But those responsible for the project themselves say that it’s not an infallible tool, because in the fight against data hijacking, the greatest difficulty lies in the constant evolution of the cyber-criminals’ weapons. That’s why law enforcement and cybersecurity experts emphasize prevention. The emergence of new variants of malware and ransomware means that no anti-virus or security system is a 100% guaranteed, and forces companies in particular to be ever vigilant against cyberthreats.
Backups stored in isolation are also key to preventing ransomware. Once a device is infected, one of the few effective ways to recover from the attack without having to pay the ransom is to restore the data to the same or a new formatted hard drive. It’s likely that not all data will be recovered, but at least you can continue to operate your device or company.
These are some tips on how to initially react, but the best option is always to rely on professionals.
How can cyber insurance help?
Sixty percent of SMEs that suffer a serious cyber-attack have to close six months later. It’s not only a matter of direct impact and reputational loss: there are other economic damages, such as business disruption and equipment repair processes, which represent a significant cost, especially for smaller businesses. It is a risk that one can protect against with specialized cybersecurity insurance, which not only serves to provide financial compensation for the losses. Such insurance also takes action from the outset and provides the insured party with a service of computer experts to solve the incident. They can access systems, recover data and remove malicious software, among other actions. If the attack has caused damage to third parties (customers and suppliers, for example), cyber-insurance will also be liable, as it will be for any loss of income during the attack.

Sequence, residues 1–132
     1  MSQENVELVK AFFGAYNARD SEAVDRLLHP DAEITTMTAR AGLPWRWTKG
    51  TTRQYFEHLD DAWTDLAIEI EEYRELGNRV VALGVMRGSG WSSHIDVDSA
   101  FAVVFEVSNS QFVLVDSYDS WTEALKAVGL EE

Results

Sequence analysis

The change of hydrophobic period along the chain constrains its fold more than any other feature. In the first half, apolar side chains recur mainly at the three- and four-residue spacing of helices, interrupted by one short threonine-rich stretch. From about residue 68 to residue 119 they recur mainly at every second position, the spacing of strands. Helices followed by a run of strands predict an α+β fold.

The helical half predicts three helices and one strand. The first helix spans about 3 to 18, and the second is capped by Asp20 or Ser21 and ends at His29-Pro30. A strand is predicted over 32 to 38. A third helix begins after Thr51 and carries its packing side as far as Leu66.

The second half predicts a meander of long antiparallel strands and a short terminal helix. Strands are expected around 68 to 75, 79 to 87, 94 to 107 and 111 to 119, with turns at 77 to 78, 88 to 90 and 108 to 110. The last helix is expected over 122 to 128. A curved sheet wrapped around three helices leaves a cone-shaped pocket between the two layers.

In addition to the technical side, insurers can manage legal matters, such as compliance with data protection regulations, which require them to report to the authorities any theft affecting third-party data. Preventively, they can also provide an analysis of the vulnerabilities of a company’s network and include services such as anti-virus and other security software.